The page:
Q: Why can't I have someone in my family who is very handy or a contractor, inspect my new home?

This is the biggest mistake many potential new homeowners make when purchasing a home. Although the person you are considering may be very skilled, they are not trained or experienced at professional home inspections. Professional home inspection is a unique skill like no other. Professional inspectors get what we call an inspector's instinct for problems. That instinct takes extensive training and lots of experience doing inspections to develop. Many contractors, and other trades professionals hire a professional home inspector to inspect their homes when they make a purchase.
Q: Can't I do it myself?
Even the most experienced home owner lacks the knowledge and expertise of a professional home inspector. An inspector is familiar with all the elements of home construction, proper installation, and maintenance. We understand how the home's systems and components are intended to function together, as well as how and why they fail.
Above all, most buyers find it very difficult to remain completely objective and unemotional about the house they really want, and this may affect their judgment. For the most accurate picture, it is best to obtain an impartial third-party opinion by an expert in the field of home inspection.
Q: Can a house fail inspection?
No. A professional home inspection is an examination of the current condition of your prospective home. It is not an appraisal, which determines market value, or a municipal inspection, which verities local code compliance. A home inspector, therefore, will not pass or fail a house, but rather describe its physical condition and indicate what may need repair or replacement.
Q: Do you recommend or furnish names of contractors who can perform repairs on the property?

No, but I will advise clients on how to find and select a prospective contractor or tradesperson.
Q: How do I find a home inspector?
The best source is a friend, or perhaps a business acquaintance, who has been satisfied with, and can recommend, a home inspector they have used. In addition, the names of local inspectors can be found in the Yellow Pages where many advertise under "Building Inspection Service" or "Home Inspection Service". Real estate agents are also generally familiar with the service, and should be able to provide you with a list of names from which to choose.
Whatever your referral source, be sure to ascertain the home inspector's professional qualifications, experience, and business ethics before you make your selection. You can do this by checking with the local consumer affairs office or Better Business Bureau, as well as by verifying the inspector's membership in a reputable professional association.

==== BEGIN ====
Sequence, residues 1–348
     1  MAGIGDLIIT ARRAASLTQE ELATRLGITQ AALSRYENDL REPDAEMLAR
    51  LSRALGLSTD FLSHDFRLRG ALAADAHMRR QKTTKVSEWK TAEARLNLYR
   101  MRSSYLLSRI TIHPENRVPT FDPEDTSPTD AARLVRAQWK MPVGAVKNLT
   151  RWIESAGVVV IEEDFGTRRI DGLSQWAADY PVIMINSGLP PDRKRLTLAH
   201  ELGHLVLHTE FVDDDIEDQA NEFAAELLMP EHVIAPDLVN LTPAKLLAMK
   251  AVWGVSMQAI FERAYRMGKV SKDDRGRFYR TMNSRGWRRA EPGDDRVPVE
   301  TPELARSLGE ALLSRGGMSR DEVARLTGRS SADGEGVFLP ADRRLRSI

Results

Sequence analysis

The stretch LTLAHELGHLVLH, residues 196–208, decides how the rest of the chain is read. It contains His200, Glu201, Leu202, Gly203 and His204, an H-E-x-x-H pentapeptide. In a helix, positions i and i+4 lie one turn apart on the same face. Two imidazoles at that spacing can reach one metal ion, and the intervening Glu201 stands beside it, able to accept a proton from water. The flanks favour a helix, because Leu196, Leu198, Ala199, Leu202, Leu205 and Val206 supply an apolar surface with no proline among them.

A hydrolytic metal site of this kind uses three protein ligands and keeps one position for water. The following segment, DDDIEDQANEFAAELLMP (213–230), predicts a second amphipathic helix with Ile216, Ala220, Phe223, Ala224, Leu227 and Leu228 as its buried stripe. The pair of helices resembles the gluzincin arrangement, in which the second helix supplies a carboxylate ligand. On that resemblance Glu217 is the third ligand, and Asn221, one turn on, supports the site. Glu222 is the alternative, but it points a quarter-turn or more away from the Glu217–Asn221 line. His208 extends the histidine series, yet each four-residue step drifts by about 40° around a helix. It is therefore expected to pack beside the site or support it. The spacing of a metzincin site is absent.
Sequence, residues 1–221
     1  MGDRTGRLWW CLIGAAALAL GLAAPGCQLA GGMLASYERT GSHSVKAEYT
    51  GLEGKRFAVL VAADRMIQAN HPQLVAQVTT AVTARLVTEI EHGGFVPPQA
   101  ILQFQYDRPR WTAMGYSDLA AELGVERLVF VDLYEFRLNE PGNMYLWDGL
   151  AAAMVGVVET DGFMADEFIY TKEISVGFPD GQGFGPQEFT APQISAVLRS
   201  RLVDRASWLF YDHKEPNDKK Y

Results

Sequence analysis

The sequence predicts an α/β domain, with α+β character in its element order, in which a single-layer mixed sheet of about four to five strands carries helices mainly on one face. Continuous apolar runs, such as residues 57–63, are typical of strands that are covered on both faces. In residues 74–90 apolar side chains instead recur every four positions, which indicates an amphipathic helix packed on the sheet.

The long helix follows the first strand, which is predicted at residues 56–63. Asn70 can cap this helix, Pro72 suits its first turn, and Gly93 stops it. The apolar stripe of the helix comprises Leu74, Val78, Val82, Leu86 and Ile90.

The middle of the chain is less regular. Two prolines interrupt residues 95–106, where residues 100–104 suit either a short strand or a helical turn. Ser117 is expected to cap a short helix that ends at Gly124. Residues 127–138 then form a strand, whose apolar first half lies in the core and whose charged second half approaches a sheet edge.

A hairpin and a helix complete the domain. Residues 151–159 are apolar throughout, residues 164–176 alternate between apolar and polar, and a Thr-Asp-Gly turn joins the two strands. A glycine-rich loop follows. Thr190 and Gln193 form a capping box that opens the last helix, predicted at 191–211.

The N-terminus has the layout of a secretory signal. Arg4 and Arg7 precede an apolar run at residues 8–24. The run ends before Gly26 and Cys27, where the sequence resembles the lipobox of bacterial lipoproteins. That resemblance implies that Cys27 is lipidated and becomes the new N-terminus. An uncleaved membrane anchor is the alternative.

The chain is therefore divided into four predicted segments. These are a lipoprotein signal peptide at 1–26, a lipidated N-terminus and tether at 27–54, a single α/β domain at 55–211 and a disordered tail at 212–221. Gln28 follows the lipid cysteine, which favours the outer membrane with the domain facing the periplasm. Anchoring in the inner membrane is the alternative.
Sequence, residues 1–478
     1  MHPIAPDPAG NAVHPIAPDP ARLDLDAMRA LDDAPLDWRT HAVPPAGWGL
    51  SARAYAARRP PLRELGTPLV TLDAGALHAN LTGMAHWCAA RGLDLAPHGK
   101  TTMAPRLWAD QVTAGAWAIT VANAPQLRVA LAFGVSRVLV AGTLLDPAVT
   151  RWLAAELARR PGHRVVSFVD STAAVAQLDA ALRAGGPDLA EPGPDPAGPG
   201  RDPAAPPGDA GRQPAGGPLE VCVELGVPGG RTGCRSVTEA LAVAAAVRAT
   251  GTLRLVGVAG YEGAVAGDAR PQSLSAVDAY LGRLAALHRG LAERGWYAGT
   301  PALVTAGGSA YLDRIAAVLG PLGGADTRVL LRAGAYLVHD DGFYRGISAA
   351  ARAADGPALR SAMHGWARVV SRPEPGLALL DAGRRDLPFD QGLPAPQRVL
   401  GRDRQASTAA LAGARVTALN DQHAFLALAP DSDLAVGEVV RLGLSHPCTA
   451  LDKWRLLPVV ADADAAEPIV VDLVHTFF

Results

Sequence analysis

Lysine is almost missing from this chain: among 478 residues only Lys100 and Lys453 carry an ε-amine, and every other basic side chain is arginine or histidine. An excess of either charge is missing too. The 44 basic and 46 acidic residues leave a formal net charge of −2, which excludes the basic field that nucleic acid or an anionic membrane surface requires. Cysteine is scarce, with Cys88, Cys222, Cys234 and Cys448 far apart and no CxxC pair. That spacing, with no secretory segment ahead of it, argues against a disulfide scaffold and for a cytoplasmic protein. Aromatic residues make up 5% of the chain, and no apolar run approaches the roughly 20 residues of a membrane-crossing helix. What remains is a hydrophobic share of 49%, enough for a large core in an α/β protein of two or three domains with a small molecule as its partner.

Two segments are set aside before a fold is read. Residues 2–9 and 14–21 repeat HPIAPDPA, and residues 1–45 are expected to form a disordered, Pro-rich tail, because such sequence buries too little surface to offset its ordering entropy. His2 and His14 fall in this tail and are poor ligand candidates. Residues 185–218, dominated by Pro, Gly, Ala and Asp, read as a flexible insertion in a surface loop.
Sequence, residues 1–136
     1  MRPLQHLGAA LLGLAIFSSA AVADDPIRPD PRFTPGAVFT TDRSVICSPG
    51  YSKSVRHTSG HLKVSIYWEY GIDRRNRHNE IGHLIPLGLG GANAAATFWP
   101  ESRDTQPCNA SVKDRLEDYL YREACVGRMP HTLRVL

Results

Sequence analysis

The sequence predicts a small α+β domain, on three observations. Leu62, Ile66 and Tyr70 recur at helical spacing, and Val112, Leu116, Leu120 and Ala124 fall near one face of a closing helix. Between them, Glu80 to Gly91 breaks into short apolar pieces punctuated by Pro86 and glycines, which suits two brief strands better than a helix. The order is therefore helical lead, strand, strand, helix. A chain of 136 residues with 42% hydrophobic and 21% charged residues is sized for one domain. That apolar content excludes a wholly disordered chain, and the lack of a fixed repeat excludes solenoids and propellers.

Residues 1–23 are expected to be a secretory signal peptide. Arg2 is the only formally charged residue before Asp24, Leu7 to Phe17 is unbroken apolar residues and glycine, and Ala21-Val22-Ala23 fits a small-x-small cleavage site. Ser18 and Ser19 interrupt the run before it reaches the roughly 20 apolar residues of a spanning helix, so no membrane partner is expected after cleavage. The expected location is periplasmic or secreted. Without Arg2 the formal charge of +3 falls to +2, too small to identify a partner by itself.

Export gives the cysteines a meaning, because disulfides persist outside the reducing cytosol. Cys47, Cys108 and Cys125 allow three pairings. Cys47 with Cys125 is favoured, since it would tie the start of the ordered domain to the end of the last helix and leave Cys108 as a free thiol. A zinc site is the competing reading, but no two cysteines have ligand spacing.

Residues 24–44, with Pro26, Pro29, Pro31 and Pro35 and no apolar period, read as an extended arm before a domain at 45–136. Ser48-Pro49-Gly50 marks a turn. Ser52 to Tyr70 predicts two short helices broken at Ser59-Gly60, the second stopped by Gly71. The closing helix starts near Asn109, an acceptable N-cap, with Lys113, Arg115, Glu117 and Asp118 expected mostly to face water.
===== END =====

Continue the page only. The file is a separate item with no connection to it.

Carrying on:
Since there are no licensing requirements for home inspectors presenting in the State of Florida, you will want to make certain that such an association has a set of nationally recognized practice standards and a code of ethics. This provides members with professional inspection guidelines, and prohibits them from engaging in any conflict of interest activities which might compromise their objectivity, such as using the inspection as a means to obtain home repair contracts.
The association should also have rigorous membership and continuing education requirements to assure consumers of an inspector's experience and technical qualifications.
We at Signature Inspection Services are member of ASHI, FABI, NAHI, and NACHI. I make the financial and time commitment to meet or exceed industry standards in membership policy and industry continuing education requirements.
Q: Do you have any affiliation with real estate agents?

No. My client is you, the home buyer.  You may have heard my name from a real estate agent but they really should be giving you a list of home inspection professionals to choose from and then you decide.  My mission is to make sure that the client knows everything he or she needs to know about the physical condition of property.  In doing that, you are then armed with a component of information that when combined with all the other variables and considerations of a real estate transaction allows you to make an informed decision.